On this day in 1948 the Soviet Union began blocking access to the Western sections of divided Berlin, in retaliation for the Allies’ declared intention to introduce a Western-backed currency into their territory. It would have likely been adopted by people in East Berlin as well, and the Soviets wanted to control the flow of legal tender in their territory. The United States led the effort to bypass the blockade via an airlift of goods into the city, which the Soviets did not mobilize to stop. It was an early crisis of the first Cold War, and the tensions it involved—captured in this Nation editorial pleading for peace—sound eerily familiar as we waver perilously at the threshold of a second.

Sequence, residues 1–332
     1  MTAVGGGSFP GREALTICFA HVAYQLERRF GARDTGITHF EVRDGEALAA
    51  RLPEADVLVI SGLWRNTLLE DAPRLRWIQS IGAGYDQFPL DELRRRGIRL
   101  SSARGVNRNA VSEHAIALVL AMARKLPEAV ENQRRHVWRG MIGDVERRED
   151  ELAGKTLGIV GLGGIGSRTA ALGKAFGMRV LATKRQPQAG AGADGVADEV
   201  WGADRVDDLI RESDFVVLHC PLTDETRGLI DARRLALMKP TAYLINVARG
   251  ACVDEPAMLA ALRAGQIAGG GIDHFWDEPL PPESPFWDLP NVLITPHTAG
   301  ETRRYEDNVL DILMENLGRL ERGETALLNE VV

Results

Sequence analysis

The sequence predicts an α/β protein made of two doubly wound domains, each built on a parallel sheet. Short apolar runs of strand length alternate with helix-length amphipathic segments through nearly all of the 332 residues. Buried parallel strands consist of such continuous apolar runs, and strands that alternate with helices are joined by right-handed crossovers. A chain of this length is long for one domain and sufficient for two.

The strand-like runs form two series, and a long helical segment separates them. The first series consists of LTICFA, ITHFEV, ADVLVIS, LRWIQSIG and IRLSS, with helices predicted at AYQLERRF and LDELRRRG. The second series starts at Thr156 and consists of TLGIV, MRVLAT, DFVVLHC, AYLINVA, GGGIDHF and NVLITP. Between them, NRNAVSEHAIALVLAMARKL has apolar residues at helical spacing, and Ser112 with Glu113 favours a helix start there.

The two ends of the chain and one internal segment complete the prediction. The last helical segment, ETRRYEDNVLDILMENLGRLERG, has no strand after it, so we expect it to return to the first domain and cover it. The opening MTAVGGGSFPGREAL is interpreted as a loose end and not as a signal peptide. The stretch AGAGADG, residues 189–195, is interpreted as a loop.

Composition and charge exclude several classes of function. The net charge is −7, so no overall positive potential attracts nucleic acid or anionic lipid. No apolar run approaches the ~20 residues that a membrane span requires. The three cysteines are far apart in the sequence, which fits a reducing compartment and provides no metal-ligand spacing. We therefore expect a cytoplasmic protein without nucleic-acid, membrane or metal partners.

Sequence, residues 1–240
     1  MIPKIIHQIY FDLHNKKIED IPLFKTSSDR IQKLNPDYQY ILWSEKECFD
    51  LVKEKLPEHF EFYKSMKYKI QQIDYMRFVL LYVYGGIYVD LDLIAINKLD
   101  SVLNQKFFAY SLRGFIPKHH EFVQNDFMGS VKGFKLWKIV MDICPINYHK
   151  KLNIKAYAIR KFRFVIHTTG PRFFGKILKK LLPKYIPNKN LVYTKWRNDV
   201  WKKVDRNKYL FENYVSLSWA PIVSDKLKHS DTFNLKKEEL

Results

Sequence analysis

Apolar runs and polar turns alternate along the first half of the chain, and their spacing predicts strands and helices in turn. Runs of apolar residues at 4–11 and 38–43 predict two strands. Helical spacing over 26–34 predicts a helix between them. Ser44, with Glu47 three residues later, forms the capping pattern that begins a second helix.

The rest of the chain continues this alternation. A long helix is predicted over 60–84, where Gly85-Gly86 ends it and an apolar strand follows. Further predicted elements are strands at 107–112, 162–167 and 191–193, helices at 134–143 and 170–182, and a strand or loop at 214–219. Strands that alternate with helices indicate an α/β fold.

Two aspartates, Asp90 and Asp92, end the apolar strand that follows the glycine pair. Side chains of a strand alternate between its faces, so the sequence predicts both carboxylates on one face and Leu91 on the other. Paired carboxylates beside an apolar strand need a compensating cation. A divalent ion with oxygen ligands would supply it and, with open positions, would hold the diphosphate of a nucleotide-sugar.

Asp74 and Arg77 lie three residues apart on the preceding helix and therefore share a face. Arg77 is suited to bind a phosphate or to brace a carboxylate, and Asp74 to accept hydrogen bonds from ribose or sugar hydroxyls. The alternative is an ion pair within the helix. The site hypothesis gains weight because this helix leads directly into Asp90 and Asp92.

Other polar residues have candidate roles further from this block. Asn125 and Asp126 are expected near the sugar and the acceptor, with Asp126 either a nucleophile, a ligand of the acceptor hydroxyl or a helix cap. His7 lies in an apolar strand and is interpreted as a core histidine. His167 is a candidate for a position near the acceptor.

The Berlin Crisis may lead to an actual clash between Russia and the Western occupation powers, or it may be the point of departure for a new effort to reach general agreement; matters have been allowed to go so far that a mere truce seems to be ruled out. To hold a population of 2,500,000 on the verge of starvation for ten days and then, after a respite of a week or so, to begin the same game over again is an impossible strategy for the long run. This time, the choice is more drastic, with the tactics of cold war being rapidly left behind. Hope lies in the fact that the Russians have usually shown themselves prepared to backtrack when the further aggravation of an issue threatened to cut off their last avenue of retreat…. The Russians will persist in their present tactics only if they want a real showdown with the United States.
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